Under-19 adolescent Filipinos also figured in the March data. Forty-five adolescents aged 10-19 years were reported to HARP, and all of them were infected through sexual contact (three male-female sex, 31 male-male sex, 11 sex with both males and females).
Ninety-five people (or 10% of the total number of cases for the month) who engage in transactional sex – or those who report paying for sex, regularly accept payment for sex, or do both – were infected with HIV. Almost all (98%) were male whose ages ranged from 18 to 64 years; the two females were from 20-31 years old.
It was only in December 2012 when HARP started reporting on those who engaged in transactional sex. And since then, a total of 3,788 cases reported in HARP from were people who engaged in transactional sex. Ninety-six percent (3,625) were male and 4% (163) were female.
NO ONE SHOULD DIE FROM AIDS – YEAH, RIGHT!
Twenty-seven Filipinos dies from AIDS-related complications in March; all of them were male. Eighteen (67%) of the reported deaths belonged to 25-34 year age group, eight (30%) were from 35-49 year old age group, and one case from 15-24 year age group. All were infected through sexual contact (three male-female sex, 16 male-male sex, eight sex with both males and females).
Since 1984, when the first HIV case was reported in the Philippines, a total of 2,124 deaths were already reported. The number is believed to be inaccurate, however, due to under-reporting.
For Tan, “internationally, there’s this notion that no one should die from HIV anymore. “In an ideal world, this is all good. But in a setting like the Philippines, this is also a very naïve perspective.”
In the Philippines, there remain many issues that lead to AIDS-related deaths, e.g.:
- Delayed detection (often “blamed” on the PLHIV, with this blaming neglecting that there are still unresolved issues related to stigma and discrimination).
- Bureaucratic deterrent to make new approaches the norm (e.g. rollout of well-funded CBS takes years; ignorance of U=U, thus non-inclusion among existing solutions).
- Lack of information about HIV and AIDS that often lead to stigma and discrimination (e.g. PLHIVs getting kicked out of their homes after their family members discover their status).
- Inability to get tested (e.g. there are fishermen and farmers who have no access to HIV testing facilities; minors who are unable to get tested sans consent from their parents/guardians).
- Inconsistent HIV services offered even by government-owned treatment hubs (e.g. viral load is not available in many of treatment hubs outside of Metro Manila).
- Mismanagement of available resources (e.g. existing projects allocate for some implementers to stay in posh hotels to hobnob with some well-compensated ‘ambassadors’; while some PLHIVs unable to access ARVs because of inability to pay PhilHealth).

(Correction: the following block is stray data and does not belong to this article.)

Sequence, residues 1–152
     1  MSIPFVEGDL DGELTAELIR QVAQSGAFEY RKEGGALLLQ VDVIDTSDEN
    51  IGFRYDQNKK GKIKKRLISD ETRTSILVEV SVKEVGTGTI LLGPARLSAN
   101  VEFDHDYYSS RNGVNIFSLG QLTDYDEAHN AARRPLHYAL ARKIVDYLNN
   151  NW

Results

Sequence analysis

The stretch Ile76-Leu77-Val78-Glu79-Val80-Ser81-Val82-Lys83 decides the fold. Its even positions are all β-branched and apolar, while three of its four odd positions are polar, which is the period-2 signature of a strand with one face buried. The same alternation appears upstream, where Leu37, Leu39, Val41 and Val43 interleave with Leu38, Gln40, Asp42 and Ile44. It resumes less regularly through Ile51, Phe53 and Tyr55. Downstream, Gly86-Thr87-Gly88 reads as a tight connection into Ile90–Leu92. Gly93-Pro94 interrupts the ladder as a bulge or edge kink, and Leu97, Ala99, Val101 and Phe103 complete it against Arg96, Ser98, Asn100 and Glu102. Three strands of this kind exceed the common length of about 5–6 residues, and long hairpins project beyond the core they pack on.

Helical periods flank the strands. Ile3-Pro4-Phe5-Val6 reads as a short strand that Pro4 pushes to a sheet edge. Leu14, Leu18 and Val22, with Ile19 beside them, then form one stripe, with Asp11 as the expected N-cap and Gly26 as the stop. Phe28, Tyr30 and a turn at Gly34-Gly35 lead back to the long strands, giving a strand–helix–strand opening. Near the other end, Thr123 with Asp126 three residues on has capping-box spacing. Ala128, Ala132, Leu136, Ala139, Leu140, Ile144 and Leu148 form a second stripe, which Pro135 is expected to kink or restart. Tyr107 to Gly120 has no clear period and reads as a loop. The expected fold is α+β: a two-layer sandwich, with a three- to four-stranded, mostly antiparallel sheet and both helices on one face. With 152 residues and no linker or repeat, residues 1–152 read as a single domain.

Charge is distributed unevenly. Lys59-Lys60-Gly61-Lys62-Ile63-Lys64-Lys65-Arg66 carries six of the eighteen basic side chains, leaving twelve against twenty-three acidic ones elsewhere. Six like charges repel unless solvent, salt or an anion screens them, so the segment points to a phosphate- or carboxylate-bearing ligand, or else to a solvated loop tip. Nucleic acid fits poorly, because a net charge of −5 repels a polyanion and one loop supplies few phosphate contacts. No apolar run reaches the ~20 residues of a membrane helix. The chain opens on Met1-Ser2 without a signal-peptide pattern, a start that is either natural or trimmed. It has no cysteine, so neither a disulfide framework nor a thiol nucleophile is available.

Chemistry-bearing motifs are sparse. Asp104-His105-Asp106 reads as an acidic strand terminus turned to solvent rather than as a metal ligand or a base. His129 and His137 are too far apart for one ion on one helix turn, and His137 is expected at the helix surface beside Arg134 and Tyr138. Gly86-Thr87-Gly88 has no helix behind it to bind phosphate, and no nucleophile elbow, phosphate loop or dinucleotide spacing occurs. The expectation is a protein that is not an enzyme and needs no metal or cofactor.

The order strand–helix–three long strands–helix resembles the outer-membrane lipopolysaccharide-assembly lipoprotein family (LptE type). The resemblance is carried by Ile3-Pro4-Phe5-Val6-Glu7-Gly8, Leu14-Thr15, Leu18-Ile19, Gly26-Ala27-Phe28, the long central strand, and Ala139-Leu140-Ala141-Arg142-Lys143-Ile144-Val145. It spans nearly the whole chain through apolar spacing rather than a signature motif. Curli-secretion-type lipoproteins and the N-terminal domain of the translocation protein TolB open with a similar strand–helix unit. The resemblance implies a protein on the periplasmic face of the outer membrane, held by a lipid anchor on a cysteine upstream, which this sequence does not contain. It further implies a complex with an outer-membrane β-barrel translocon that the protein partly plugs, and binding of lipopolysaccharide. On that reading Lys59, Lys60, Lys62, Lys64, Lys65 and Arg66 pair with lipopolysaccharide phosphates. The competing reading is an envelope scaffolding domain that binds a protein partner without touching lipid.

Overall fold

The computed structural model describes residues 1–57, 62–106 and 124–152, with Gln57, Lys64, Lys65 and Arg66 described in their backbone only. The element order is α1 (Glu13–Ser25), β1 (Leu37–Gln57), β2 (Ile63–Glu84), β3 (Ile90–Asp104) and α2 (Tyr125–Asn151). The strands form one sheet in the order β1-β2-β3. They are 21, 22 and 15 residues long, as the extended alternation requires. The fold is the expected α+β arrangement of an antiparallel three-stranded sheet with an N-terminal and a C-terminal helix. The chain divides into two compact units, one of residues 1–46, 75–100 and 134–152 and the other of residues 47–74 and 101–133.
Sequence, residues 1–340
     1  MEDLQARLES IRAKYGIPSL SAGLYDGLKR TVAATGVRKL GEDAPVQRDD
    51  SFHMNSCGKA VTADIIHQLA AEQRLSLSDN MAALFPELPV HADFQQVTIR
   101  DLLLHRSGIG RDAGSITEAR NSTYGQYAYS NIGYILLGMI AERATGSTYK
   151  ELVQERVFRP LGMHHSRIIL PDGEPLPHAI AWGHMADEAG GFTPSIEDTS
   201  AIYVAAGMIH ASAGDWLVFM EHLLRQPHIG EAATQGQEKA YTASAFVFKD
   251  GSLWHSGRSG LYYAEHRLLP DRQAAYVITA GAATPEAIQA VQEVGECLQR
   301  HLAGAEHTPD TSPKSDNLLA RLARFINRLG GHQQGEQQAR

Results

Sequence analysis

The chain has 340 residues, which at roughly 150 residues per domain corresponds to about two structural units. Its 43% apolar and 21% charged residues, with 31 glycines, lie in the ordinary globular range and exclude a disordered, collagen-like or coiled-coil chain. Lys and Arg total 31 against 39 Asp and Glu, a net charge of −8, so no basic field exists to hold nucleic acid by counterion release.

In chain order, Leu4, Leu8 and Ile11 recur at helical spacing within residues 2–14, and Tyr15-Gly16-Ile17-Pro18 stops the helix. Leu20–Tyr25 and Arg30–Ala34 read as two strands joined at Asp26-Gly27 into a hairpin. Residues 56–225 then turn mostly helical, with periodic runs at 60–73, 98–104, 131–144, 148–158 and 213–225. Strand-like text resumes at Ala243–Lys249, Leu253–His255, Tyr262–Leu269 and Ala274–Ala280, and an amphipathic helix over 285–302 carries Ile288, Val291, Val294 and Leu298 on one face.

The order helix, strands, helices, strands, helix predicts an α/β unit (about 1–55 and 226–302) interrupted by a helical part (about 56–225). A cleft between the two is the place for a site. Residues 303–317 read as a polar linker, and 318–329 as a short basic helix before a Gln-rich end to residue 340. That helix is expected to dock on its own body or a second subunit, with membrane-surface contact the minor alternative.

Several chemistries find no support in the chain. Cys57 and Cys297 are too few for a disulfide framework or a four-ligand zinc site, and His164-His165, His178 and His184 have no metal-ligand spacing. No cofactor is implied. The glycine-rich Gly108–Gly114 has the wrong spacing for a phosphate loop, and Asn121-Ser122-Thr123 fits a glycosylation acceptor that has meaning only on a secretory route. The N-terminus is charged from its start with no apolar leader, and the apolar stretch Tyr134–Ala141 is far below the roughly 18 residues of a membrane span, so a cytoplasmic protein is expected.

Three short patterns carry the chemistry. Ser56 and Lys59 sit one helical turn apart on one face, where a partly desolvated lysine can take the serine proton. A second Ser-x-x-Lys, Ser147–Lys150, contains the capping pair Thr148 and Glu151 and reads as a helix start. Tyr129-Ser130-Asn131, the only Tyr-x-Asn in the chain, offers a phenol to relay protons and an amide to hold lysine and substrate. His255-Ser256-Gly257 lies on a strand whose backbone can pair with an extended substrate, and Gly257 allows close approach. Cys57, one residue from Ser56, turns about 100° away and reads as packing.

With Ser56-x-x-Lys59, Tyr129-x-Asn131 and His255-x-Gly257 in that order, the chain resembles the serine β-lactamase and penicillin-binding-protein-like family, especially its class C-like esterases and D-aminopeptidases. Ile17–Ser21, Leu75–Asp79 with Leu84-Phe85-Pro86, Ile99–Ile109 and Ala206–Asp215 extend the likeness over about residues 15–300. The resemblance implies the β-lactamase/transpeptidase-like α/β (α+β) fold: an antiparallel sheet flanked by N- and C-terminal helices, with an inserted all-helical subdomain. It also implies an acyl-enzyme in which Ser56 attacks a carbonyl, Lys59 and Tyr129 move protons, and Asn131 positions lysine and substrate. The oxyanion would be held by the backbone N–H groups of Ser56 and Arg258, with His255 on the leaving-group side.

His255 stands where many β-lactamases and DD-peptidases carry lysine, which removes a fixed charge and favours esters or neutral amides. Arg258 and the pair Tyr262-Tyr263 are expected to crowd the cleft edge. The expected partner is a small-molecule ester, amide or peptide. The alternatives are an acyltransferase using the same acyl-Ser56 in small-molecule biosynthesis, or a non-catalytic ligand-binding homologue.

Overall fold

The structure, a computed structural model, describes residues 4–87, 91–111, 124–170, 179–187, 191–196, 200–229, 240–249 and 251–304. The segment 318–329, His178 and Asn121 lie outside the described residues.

On the latter (i.e. access to life-saving antiretroviral medicines), in March, 784 PLHIVs started on ART. Three of them died within the same month.
Over 19,370 PLHIVs were on ART as of March, most (97%) of them males. The number continues to be less than half the 42,283 number of reported PLHIVs in the Philippines. Ninety-five percent were on first line regimen, 4% were on second line regimen, and 1% were on other regimen.
Stephen Christian Quilacio, former head of Cagayan de Oro City-based Northern Mindanao AIDS Advocates, believes there’s a “continuing effort to reach out everyone”, adding – somewhat sardonically – that “if we believe we’re doing just fine with whatever we’re doing now, the numbers of Filipinos getting infected should have been dwindling, not increasing.”
ALL HANDS NEEDED
Tan stressed that, “just as we repeatedly say, all efforts that eye to stop the worsening HIV situation in the Philippines matter,” he said. “But we need an urgent and very realistic reassessment of the services we’re currently offering to see what works and what doesn’t; or for that matter, who works and who doesn’t. Remove those that/who aren’t working. Remove politicking and even profiteering in releasing existing funding. Amend the law (RA 8504), and start implementing it. Start implementing (and funding, for that matter) new approaches re HIV (e.g. CBS, U=U, PrEP, PEP). Stop the profiteering happening in the HIV advocacy. Deal with elitism in HIV advocacy (e.g. gaining traction in social networks is all good and well, but reach out to those who do not even have access to the Internet). Reconsideration of how we deal with the sex industry. If we act like it’s business as usual, then we’re f***ed.”
Quilacio seconded this, adding more succinctly the “need to go beyond only the popular approaches to instead put into place those that truly work.” On this end, he advocates the “funding of ‘right’ advocates, not opportunists who are benefiting from the HIV cause. Reaching out to grassroots communities that continue to be neglected by ‘popular’ campaigns that may generate lots of media mileage and funding but are actually very limited. Inclusion of responses to the needs identified by PLHIVs themselves, such as psychosocial support, legal counsel (particularly for those who are discriminated against), and others.”
For Quilacio, “solving problems is always possible. But we can’t just keep talking about solving this issue, yet fail to actually deliver the solutions.”
Bisdak Pride Inc.’s Doron is similarly advocating for prompt reconsideration of efforts. “We should reexamine and reevaluate our national HIV response if it is still relevant,” he said, stressing that “now having 30 cases per day cases means that we need to work more since the data suggest an alarming trend that has, in fact, been going on for years now.”
More specifically for Doron, “the national HIV response should be recalibrated to include various groups, sectors and areas.”
MOCAN’s Estoque hopes for “bigger participation of so many neglected sectors – e.g. religious sector to come up with a ‘genuine Christian response’ in solving the HIV epidemic.” Similarly, she hopes for government to have “ngipin (contextually: political will and will power)” when implementing HIV-related programs – e.g. local AIDS ordinances should be properly implemented, AIDS Councils should be made active, and the Department of Health should go beyond media savvy. “Hindi na sapat ang mga pa-konswelo lang (Consolation efforts no longer suffice),” Estoque ended.